Additionally, the hard layer 220 may be extended to completely cover the entire sense line 202 in the regions between adjacent memory elements. This embodiment is illustrated in FIG. 5. In another embodiment, hard bias magnets 280 could be used between adjacent memory elements in order to better stabilize the pinned layer, see FIG. 6. The hard bias magnets can be initialized in a magnetic field at some point during the assembly/fabrication process. In another embodiment, hard bias magnet 280 can be located under the memory elements in order to better stabilize the pinned layer 220, see FIG. 7.

FIG. 8 illustrates a calculated total write current through the center of a toroid required to switch the direction of the magnetization if the bit has an outer diameter of 200 nm. Each curve in the plot is for a different toroid thickness (5, 10, 15 nm). Note that the total write current decreases with increasing length and decreasing thickness. In one embodiment, the ferromagnetic free structure has a length up to 1000 nm, an outer diameter of up to 400 nm, and a thickness of up to 40 nm.

FIG. 9 illustrates a simulated write current density for the same toroid dimensions used in the write current calculations of FIG. 8. For good reliability, it is probably necessary to keep the current density below 2e11 A/m2. In contrast to MRAM's use of flat open magnetic bits, the dimensions of the toroidal bit can be adjusted to keep the current density in this range.

A block diagram of a memory device 300 of the present invention is illustrated in FIG. 10. The memory device includes an array of memory cells 302 that are fabricated according to the closed flux structures described above. Address circuitry 304 is provided to access the memory cells using row 306 and column 308 decoders to analyze externally provided address signals. A control circuit 310 is provided to perform read and write operations in response to externally provided control signals. Bi-directional data communication with the memory array is performed by I/O circuitry 312 and read/write circuitry 314. It will be appreciated by those skilled in the art, with the benefit of the present description, that the memory device has been simplified and that additional circuitry and features may be required.

CONCLUSION

A closed flux magnetic memory cell has been described. The memory cell has a ferromagnetic pinned structure and a ferromagnetic free structure. Data is stored by controlling the relative magnetization between the pinned and free structures. The free structure is formed as a horizontally extending toroid, or tube-shape, that is insulated from the pinned structure. A first conductive line passes through the center of the free structure while a second conductor is connected to the pinned structure. A third conductive line can be formed through the free structure. The third line is insulated from the toroid and the first conductor. The third conductive line can also be located outside the free structure. In operation of one embodiment, the first and third conductive lines are used to control the magnetized direction of the free structure. A resistance between the first and second conductive lines defines the data stored in the memory cell.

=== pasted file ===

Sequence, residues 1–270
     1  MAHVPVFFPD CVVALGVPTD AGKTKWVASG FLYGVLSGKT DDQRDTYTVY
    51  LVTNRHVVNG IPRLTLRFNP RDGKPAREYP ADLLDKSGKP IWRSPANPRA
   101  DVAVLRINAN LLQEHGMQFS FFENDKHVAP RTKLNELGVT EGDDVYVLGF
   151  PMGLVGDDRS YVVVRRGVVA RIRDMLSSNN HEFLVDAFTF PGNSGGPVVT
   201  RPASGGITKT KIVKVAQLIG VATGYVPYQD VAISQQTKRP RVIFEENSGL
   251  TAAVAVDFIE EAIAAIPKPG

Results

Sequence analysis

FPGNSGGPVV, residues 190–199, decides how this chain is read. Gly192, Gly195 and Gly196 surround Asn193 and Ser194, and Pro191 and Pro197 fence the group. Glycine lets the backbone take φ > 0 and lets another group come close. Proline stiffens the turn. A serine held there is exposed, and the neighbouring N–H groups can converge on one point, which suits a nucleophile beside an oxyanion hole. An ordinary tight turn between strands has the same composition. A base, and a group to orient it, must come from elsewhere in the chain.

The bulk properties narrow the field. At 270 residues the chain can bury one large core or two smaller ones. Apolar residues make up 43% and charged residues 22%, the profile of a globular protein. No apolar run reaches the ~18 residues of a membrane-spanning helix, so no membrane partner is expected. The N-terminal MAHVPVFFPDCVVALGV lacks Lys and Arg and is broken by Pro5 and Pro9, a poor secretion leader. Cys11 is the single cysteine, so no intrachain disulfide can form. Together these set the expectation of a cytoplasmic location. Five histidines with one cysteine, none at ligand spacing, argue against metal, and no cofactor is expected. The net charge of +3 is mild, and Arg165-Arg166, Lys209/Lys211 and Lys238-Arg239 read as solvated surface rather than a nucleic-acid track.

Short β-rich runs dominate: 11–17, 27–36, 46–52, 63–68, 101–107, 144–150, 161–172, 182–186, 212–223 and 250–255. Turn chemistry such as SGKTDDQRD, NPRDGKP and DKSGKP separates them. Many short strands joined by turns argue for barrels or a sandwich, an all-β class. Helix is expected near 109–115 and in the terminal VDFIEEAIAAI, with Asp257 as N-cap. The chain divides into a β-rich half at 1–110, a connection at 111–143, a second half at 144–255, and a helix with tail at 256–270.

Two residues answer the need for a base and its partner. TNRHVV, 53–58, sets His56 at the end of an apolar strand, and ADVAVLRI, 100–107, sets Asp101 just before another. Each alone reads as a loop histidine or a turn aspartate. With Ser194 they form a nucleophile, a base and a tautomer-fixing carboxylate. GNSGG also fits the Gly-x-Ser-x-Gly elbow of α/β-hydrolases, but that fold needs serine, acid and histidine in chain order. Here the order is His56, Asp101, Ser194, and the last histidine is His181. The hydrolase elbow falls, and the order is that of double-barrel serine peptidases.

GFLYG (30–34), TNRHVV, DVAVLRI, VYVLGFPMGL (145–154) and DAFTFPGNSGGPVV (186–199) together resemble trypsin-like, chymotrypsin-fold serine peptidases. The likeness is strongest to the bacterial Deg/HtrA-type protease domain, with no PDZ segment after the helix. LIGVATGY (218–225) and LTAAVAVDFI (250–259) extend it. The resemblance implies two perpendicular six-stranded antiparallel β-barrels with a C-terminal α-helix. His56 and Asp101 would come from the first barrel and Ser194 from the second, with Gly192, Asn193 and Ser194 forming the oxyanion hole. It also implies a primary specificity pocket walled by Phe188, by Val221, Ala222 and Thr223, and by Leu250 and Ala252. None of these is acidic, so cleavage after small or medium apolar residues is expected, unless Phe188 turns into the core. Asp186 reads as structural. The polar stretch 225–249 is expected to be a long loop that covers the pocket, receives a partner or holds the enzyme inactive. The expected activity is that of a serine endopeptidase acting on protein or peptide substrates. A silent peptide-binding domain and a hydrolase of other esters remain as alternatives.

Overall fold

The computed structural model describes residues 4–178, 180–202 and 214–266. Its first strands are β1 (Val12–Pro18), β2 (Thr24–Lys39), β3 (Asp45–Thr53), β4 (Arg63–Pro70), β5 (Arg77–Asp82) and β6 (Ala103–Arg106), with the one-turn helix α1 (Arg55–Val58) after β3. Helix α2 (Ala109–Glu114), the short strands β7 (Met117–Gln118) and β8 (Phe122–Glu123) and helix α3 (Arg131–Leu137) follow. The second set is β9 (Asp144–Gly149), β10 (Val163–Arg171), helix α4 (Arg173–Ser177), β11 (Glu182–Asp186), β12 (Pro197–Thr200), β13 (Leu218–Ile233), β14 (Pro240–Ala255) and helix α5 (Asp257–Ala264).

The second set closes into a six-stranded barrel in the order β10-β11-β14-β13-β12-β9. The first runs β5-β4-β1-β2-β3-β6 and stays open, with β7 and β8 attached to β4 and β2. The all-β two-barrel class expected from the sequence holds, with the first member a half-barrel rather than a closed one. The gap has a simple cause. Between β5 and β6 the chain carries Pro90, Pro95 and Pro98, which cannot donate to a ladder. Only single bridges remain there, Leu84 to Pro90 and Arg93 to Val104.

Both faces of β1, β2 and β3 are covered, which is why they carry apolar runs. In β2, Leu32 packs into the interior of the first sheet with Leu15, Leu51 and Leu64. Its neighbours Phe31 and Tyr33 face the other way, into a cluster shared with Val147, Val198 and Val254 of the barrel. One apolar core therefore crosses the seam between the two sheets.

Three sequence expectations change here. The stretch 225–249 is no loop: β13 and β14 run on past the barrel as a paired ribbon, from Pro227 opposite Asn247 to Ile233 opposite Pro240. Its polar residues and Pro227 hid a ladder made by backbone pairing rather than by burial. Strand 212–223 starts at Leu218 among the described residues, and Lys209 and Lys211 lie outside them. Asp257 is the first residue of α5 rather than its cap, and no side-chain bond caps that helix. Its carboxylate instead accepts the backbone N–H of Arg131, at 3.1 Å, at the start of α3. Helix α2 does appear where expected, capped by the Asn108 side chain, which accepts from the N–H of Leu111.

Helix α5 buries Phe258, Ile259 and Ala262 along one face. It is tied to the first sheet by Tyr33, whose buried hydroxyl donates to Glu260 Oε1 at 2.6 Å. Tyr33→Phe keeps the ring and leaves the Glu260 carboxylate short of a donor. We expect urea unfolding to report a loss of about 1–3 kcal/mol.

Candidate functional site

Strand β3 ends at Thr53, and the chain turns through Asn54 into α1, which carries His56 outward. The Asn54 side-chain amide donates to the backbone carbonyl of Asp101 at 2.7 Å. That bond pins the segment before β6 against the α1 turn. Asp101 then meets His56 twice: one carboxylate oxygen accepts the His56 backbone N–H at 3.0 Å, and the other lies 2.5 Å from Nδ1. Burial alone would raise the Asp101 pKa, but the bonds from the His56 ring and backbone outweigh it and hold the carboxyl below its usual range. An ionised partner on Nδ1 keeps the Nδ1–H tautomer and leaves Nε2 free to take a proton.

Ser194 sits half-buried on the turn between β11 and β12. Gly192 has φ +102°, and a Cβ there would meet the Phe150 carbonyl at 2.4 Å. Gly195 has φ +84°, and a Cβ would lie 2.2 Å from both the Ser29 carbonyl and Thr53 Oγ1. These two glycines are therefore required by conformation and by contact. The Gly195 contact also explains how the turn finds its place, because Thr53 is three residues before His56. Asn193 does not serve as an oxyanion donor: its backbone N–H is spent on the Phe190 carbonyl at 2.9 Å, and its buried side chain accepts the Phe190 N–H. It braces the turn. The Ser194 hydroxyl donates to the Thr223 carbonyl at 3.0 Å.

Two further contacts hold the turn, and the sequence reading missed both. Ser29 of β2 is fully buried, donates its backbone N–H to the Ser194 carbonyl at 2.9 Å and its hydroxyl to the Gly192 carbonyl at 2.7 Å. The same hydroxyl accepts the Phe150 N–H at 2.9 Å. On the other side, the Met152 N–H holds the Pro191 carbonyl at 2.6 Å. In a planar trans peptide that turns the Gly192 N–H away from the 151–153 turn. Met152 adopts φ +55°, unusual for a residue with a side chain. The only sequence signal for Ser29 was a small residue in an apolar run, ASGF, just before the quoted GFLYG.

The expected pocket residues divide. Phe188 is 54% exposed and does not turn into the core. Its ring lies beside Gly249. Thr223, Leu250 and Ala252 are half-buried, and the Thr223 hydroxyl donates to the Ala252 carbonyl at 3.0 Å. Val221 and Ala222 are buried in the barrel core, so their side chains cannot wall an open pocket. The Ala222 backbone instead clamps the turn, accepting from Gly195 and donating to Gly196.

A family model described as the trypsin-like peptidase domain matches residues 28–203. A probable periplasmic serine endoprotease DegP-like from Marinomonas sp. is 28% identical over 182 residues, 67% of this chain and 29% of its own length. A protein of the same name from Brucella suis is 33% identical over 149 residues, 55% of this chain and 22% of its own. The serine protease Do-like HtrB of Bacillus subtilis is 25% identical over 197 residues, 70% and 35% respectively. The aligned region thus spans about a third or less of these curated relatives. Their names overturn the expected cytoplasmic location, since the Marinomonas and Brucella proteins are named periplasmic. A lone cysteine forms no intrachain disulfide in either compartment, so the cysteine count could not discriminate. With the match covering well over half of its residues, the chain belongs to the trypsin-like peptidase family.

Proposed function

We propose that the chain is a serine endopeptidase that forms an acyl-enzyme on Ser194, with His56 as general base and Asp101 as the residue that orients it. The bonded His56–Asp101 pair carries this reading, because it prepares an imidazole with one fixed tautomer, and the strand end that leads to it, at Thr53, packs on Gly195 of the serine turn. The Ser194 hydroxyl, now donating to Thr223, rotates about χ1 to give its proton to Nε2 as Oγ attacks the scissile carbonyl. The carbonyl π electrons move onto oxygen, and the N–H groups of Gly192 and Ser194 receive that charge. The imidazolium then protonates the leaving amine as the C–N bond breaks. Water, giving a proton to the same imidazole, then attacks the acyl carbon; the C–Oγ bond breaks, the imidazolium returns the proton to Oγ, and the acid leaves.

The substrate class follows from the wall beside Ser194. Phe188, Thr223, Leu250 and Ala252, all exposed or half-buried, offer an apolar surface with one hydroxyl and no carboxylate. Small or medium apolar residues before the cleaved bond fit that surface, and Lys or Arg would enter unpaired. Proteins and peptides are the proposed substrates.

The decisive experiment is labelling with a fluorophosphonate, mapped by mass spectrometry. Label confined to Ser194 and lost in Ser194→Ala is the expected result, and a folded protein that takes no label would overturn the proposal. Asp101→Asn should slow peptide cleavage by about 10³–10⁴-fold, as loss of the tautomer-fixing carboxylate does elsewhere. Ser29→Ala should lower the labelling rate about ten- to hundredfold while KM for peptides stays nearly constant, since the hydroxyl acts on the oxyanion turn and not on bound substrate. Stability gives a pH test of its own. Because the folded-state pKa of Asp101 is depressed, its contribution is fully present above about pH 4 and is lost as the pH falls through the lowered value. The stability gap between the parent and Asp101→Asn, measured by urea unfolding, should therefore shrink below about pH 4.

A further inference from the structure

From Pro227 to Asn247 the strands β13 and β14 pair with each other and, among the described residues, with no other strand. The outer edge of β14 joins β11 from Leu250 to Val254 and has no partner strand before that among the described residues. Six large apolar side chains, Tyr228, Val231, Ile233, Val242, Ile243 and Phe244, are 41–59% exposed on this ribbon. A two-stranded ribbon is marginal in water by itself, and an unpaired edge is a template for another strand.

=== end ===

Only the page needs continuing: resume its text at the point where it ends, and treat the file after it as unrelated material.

Although specific embodiments have been illustrated and described herein, it will be appreciated by those of ordinary skill in the art that any arrangement, which is calculated to achieve the same purpose, may be substituted for the specific embodiment shown. This application is intended to cover any adaptations or variations of the present invention. Therefore, it is manifestly intended that this invention be limited only by the claims and the equivalents thereof.

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Referenced by
Citing PatentFiling datePublication dateApplicantTitle
US7002228Feb 18, 2003Feb 21, 2006Micron Technology, Inc.Diffusion barrier for improving the thermal stability of MRAM devices
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Classifications
U.S. Classification365/158, 257/E27.005, 365/66, 365/132, 365/117, 365/173, 365/65, 257/E43.004
International ClassificationH01L27/22, G11C11/16, H01L43/08
Cooperative ClassificationH01L27/222, G11C11/16, H01L43/08
European ClassificationG11C11/16, H01L43/08, H01L27/22M
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Sep 26, 2012FPAYFee payment
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Mar 21, 2006CCCertificate of correction
Aug 13, 2002ASAssignment
Owner name: MICRON TECHNOLOGY, INC., IDAHO
Free format text: ASSIGNMENT OF ASSIGNORS INTEREST;ASSIGNOR:DEAK, JAMES G.;REEL/FRAME:013198/0282
Effective date: 20020805
Owner name: MICRON TECHNOLOGY, INC. 8000 SOUTH FEDERAL WAYBOIS
Free format text: ASSIGNMENT OF ASSIGNORS INTEREST;ASSIGNOR:DEAK, JAMES G. /AR;REEL/FRAME:013198/0282